I speak regularly with leaders and employees in various sectors – non-profit, government, consumer products, professional services, and more.
In the past few weeks, I’ve observed an ugly trend: leaders leading like they’re in a bizarro 1980s version of business as usual.
I spoke last week with a sales manager in a business experiencing major disruption – an entire customer segment gone, plants shutdown – and leadership has responded by reverting to top-down, command-and-control, carrot-and-stick management, while acting like the world isn’t, in fact, upside down.
Then there’s the now infamous viral email sent by WSJ leadership to employees directing them to “answer your phone when it rings” and “let your manager know when you’re taking a break”. I can confirm that this overlord-like management is not unique to WSJ.
And finally, in case over-management wasn’t demotivating enough, leaders are asking employees to “step up”, “double down”, and “push harder” to minimize financial impact (and yes, to protect jobs). That sales manager I mentioned? Her targets have gone UP.
Leaders, I know you’re scared.
You’re scared for your business, your job, and your employees’ jobs.
But leading from fear and trying to control what you can’t control won’t help.
Your employees need grace now more than ever. If you stop trusting them, start questioning their commitment, and keep telling them to “step up”, you will not enhance results, and you might lose them.
Your employees are not okay.
In this COVID-19 world, this is a fact for every single one of your employees. They may act like they are okay. They may say they are okay, but they are not okay.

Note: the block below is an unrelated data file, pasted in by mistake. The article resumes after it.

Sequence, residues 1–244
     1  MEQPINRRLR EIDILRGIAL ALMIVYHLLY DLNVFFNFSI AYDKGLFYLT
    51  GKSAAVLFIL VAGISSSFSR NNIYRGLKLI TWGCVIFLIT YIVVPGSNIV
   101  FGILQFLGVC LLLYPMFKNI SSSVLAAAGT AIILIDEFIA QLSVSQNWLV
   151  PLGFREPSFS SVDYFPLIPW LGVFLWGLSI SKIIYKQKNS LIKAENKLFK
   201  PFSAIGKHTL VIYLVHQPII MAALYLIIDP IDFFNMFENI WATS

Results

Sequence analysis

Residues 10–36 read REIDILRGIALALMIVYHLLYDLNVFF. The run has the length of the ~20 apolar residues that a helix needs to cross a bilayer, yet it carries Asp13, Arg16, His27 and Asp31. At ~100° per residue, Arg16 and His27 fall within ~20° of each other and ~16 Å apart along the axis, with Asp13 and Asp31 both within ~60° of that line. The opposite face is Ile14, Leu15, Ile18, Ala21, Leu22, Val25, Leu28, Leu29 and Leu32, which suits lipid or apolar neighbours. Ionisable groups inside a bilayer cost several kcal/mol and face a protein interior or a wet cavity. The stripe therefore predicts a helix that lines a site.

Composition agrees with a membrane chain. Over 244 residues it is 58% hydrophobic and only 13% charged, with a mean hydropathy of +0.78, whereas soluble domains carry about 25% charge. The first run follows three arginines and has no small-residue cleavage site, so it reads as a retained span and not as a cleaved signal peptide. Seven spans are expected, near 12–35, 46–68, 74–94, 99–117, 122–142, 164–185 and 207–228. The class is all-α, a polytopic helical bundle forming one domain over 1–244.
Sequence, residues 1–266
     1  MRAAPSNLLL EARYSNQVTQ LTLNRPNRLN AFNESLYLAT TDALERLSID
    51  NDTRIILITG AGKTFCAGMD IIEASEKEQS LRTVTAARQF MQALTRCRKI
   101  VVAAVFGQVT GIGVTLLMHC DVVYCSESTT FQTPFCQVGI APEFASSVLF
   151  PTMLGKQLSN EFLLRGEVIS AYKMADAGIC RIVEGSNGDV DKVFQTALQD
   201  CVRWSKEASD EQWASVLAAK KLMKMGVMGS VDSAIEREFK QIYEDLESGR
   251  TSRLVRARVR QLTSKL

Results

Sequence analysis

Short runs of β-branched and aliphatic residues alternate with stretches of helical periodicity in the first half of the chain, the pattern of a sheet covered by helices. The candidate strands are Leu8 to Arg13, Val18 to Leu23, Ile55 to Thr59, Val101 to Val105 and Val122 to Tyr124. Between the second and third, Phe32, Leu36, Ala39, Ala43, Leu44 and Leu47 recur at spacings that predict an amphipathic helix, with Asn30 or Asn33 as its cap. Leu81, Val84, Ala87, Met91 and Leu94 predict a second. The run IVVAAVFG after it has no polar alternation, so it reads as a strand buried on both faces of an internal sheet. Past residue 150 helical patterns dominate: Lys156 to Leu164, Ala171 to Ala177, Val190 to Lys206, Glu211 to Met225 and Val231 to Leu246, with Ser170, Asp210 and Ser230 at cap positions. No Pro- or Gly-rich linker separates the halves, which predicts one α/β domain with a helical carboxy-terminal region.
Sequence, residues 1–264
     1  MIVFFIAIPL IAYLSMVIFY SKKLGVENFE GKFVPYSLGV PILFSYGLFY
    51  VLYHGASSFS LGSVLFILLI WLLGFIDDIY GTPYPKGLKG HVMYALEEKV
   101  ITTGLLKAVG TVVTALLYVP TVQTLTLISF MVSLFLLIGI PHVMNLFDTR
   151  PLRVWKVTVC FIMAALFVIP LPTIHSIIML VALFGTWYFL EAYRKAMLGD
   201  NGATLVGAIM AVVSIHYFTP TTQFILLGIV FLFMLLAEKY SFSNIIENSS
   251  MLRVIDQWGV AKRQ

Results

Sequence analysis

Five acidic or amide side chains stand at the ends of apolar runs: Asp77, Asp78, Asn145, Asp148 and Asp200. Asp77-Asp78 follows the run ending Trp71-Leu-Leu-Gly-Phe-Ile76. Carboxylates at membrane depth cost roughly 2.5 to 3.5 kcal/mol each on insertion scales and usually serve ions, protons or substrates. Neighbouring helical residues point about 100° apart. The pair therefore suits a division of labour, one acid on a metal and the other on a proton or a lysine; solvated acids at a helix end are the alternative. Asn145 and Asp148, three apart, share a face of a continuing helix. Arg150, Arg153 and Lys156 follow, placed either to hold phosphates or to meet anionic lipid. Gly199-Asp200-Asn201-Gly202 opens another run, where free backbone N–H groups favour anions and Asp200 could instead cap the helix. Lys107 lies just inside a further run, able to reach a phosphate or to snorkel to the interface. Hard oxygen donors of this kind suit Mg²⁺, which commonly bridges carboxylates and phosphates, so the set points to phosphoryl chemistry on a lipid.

Most aren’t pretending. This is just hard.
Your employees are grappling with their own versions of the new reality:
- Family members in hard-hit areas of the world
- Friends struggling to stay afloat financially
- Weddings cancelled
- Small children at home demanding love and attention
- Spouses laid off
- Vacations cancelled (and no beach in sight)
- Home “offices” that leave them feeling like they’ve been hit by a truck (just me?)
This is not “transitioning to remote work.”
This is trying to work from home while fearing the loss of your business or job or life goals while sharing 600 square feet with your children and laid off spouse while storming and norming with your team (again) while trying to get cell service in a den with no cell service while rethinking your entire existence.
Some days are going to be bad and your employees will not be operating at 100%. Or 80%.
Cut them some slack, or you will break something (trust, to start).
So where does this leave you and your business?
You need your people now more than ever.
You need them to help you find the path forward and walk alongside you.
You need to lead from the light side.
First, lead with compassion. “Wow, that’s tough, tell me more.” “What can we do to make this work better for you?” “What do you need from me?” “I know this is a difficult time – thanks for everything you’re doing.”
Second, trust your employees. Trust that they know this is serious and that they are committed and doing their best. Be transparent and they’ll do what they can to help – no need to monitor their hours, direct their activities, or “motivate” them.
Third, tie what you need to purpose, not survival. Fear doesn’t motivate, it makes people want to run and hide. Help people feel part of something important, something that matters.
Finally, engage them in the solution.
At Ignite we use a three-point “survive to thrive” model to help our clients move forward and come out stronger: respond, recover, thrive.
How do we respond to ensure survival and stabilize the business?
How can we adapt to enable us to recover more quickly?
What must we ramp up, continue, or stop doing to set ourselves up to thrive long-term?
Your employees already care. Show compassion, lead with trust, and engage them in the solution, and you won’t need to hold a match to their backs. They’ll move on their own.
Published by Ali Grovue
Strategic Planning Facilitator | Leadership Development Consultant | Naval Officer | Former COO & ED